W.E.B. DuBois Essay Sample
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W.E.B. DuBois Essay Sample
W.E.B. Du Bois spent most of his career focusing on race relations and he defined the problem of the color line. For most of his life he believed in integration, but towards the end of his life he began to focus on Black Nationalism after he became discouraged with the lack of progress in race relations (Allan, 2013). Du Bois was an author, a poet, civil-rights activist, Pan-Africanist, a sociologist, and he was known for many other trades that he spent his time doing throughout his life. He graduated valedictorian from high school then earned his bachelor’s degree of arts from Fisk University in Nashville, Tennessee. Then he attended Harvard University and got his bachelor of arts cum laude, and then he pursued graduate studies in history and economics at the University of Berlin. One of his biggest contributions would be founding the National Association for the Advancement of Colored People. Du Bois achieved many things throughout his life and left a mark on the social sciences and in race relations, but was not satisfied with the way things in society were when his life was ending.
W.E.B. Du Bois was an important role model of his time for young African Americans and one of the key civil rights leaders of his time. His literary contributions have played a role for other civil rights leaders and been a template for society to look at as blueprints for improving racial relations. A key contribution of his was the “Philadelphia Negro” that was published in 1899. The way he conducted his research was what made the book popular and it showed how life was for African Americans in the 7th Ward. He studied the daily lives of African Americans and began to classify the black community into four major classes; Black Aristocracy, Black working class, Black working poor, and the Submerged tenth (Harrison, 2013).
Du Bois’s most famous book was “Souls of Black Folk” because this book was one of the first books written by a social scientist to analyze the situation of African Americans in the early 20th century. This was the book where he declared the problem of the 20th century is the problem of the color line. Du Bois went on to discuss the “Talented Tenth” where he felt like the most talented African Americans should be educated and they should be the role models for the other 90% of the race. Along with his contributions in literature he
also contributed to sociology with his concepts and ideas. A few of his ideas include the double consciousness where some people are required to live a double existence. Du Bois discussed what he called a veil that measured social distance between the people. These were just a few contributions he made during his life to the field of sociology.
The comparisons between Du Bois and Karl Marx is shown one way through the way Du Bois felt like the African American population was separated into different classes, just like Karl Marx classified society as a whole. Du Bois compared the slave owners of the United States to the bourgeois of Marx’s time. Like Karl Marx, Du Bois felt that class is a key factor in determining an individual’s status in society. Another theory of Du Bois that is related to a Marx theory is his theory of double consciousness compared to Marx’s idea of class consciousness. The double consciousness explained how African Americans feel as though they have to live the life of an African and an American. They feel like they have two cultures, two histories, and two identities to categorize themselves as. This related to how the proletariat created a consciousness in Marxist theory. A key difference between the two theorists is that Marx left out race, for the most part, in his research and sociological works, whereas Du Bois focused mainly on race. Du Bois took many of Marx’s theories and showed how they could be used to study race and showed how race plays a key role in society and determining different classes.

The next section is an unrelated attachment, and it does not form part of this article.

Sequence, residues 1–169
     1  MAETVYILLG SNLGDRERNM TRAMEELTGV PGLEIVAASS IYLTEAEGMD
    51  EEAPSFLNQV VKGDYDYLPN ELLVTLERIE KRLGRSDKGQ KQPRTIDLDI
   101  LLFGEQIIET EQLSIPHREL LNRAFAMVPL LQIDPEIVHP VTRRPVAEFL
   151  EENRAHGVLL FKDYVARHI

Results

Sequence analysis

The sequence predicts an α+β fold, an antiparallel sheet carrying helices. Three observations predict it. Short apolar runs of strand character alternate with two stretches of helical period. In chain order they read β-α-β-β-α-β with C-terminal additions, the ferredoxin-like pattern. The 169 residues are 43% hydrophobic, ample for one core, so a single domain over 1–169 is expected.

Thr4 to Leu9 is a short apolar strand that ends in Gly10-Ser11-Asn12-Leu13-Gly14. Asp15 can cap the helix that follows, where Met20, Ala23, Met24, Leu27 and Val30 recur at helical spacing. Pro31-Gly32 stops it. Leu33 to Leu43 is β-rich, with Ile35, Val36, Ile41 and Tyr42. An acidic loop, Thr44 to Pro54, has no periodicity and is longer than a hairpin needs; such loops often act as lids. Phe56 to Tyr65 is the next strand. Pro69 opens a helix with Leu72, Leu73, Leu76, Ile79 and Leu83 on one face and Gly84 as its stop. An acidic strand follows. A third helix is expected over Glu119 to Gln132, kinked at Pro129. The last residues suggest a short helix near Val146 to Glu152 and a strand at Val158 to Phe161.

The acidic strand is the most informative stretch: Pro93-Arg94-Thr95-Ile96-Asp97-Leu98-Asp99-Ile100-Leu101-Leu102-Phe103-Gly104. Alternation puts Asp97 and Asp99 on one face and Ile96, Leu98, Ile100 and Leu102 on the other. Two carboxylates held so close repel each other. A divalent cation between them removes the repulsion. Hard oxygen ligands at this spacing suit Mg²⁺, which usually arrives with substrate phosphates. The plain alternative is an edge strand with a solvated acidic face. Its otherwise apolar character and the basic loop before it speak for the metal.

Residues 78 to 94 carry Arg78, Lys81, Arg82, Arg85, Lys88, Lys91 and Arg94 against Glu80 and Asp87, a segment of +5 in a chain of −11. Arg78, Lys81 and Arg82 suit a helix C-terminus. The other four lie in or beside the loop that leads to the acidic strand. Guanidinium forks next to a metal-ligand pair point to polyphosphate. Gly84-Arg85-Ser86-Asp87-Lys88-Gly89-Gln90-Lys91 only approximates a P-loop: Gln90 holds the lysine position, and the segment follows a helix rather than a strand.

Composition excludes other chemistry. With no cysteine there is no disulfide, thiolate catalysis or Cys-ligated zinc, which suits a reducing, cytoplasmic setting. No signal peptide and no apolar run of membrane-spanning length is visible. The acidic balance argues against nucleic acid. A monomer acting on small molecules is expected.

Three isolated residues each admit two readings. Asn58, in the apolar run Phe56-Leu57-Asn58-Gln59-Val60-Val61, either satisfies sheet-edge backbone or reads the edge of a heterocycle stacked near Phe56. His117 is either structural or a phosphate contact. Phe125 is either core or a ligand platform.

Durkheim defined social facts as outside restrictions that consists of ways of thinking and feeling external to the individual. The social facts influence how people live and go about their daily lives. Du Bois felt that race played the same role and that race is a key factor in determining people’s status and role in society. Du Bois learned a lot from the teachings of Max Weber and learned from him the importance of doing a thorough socioeconomic history as part of his research. Weber used power, wealth, and prestige to determine people’s status in society and Du Bois studied that with his works at the 7th Ward and in his studies of the African American race. Du Bois learned a lot from Weber and used his theories and teachings, along as Marx’s theories, in his studies to further advance the field of sociology and include race in future studies.
W.E.B. Du Bois played a key role in sociology as well as in the African American race. He differed from other civil rights activists in how he thought the African American race should strive to make advancements. Booker T. Washington felt like African Americans should focus on getting jobs whereas Du Bois said that that talented tenth should be educated and become role models for the rest of the race. He had many influences on his works, but he also created a new area of study for future sociologists. Du Bois was very influential and left his mark on the field of sociology and the African American race in general.
Allan, Kenneth. Explorations in Classical Sociological Theory: Seeing the Social World. Thousand Oaks: Pine Forge, 2005. Print.
Harrison, Daniel. Lecture. 2013.
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